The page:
The Freedom of Ignorance
I often have the opportunity to learn from my clients and recently I had another such moment. She came to me feeling very disturbed by what she termed "freedom of ignorance", or the tendency in others to assume they understand her situation; so much so that they dared to offer her solutions to her problems. As she went on I couldn't help but think that the phrase would make a great title for a book or article.
As easy as it is to understand my client's complaint, it's just as easy to understand the motive of the person offering their unsolicited opinion. How freeing to offer up one's "off the top of my head" solution to their predicament. Ah, but later – having listened more, researched more, thought more – I can better understand that client's "dance through life" and I'm embarrassed . Exercising one's right to free speech needn't be an embarrassment though, as long we remember to give two gifts, one to my client and one to myself.
The gift to another is giving them the sense that you've listened, that they've been heard, and that they're worthy of being heard. Bestowing that feeling of having been heard upon another is among the greatest of gifts we, as therapists, give. As no two humans are exactly alike, we are all outliers. To understand is not always easy, but speakers like those offered by IE-CAMFT can make it easier.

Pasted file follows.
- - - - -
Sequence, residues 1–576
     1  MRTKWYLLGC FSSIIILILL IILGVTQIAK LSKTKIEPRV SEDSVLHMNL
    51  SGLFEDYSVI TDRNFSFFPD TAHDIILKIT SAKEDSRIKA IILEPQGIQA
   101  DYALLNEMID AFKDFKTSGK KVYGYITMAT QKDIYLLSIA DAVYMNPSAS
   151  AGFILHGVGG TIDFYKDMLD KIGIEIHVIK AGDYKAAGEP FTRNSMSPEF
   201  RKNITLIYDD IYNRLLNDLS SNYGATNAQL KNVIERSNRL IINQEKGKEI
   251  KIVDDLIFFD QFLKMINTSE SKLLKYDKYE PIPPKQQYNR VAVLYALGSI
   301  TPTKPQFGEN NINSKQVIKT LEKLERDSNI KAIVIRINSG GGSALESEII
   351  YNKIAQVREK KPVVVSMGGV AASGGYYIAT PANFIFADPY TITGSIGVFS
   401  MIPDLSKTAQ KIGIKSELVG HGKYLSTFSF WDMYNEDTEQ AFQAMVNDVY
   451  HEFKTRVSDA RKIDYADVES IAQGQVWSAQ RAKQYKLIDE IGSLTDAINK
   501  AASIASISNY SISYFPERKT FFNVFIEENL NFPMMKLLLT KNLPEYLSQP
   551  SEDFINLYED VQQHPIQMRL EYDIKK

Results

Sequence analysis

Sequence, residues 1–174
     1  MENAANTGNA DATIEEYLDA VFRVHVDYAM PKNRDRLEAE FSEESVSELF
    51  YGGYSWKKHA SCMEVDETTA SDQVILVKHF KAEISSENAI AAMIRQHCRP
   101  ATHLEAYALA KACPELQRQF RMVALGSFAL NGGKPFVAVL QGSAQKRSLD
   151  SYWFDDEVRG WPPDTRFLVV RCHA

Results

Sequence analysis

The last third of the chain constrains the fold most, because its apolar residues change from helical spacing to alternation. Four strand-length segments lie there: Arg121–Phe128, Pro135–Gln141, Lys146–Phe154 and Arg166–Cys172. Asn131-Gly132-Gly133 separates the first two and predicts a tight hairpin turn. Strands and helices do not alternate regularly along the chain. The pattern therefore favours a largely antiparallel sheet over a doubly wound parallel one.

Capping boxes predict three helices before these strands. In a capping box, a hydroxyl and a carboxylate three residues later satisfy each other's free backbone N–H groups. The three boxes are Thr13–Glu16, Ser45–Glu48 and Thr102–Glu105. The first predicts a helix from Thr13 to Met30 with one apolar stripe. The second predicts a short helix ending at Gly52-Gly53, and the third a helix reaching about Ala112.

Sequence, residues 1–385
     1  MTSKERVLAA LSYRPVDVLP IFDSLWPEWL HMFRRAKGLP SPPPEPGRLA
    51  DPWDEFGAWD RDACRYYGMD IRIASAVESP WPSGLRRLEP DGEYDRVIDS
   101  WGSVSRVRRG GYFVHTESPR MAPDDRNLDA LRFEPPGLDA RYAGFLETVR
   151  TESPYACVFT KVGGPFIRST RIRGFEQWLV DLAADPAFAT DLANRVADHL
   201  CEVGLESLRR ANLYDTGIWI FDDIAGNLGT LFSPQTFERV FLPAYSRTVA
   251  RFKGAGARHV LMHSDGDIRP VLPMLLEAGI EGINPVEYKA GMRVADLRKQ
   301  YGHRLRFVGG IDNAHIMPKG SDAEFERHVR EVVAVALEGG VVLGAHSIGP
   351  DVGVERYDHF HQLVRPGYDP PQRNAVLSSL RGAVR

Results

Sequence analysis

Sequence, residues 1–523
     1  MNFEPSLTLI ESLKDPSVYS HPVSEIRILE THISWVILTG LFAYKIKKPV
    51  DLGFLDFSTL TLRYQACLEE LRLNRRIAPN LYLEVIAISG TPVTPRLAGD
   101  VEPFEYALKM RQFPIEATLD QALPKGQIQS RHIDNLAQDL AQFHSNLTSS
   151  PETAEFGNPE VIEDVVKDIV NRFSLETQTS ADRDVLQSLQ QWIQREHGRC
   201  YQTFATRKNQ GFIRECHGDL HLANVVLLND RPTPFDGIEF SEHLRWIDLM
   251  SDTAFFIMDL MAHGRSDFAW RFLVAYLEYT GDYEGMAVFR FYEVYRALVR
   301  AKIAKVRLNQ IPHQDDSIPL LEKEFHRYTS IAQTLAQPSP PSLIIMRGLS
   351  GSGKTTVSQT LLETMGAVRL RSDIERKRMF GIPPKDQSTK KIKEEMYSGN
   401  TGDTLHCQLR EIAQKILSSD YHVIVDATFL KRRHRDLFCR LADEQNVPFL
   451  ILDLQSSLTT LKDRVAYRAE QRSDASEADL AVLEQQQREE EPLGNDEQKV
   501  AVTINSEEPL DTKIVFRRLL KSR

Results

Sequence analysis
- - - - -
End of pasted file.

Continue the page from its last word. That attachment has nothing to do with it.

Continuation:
Now, the gift to myself is education. Once again, the monthly IE-CAMFT training/CEU opportunities make that easy. The speakers provide context on a variety of subjects, and presenters become resources from whom to learn more in the future. The effect, if successful, means the difference between feeling embarrassed by my own ignorance or knowing that I got it, or at least I'm getting it. What prevents me from getting it is not what I don't know, rather it is being cavalier about my own ignorance.
I love being part of IE-CAMFT. I'm glad to be a part of the bigger picture. It keeps me hopeful.
Paul Velen, MS, LMFT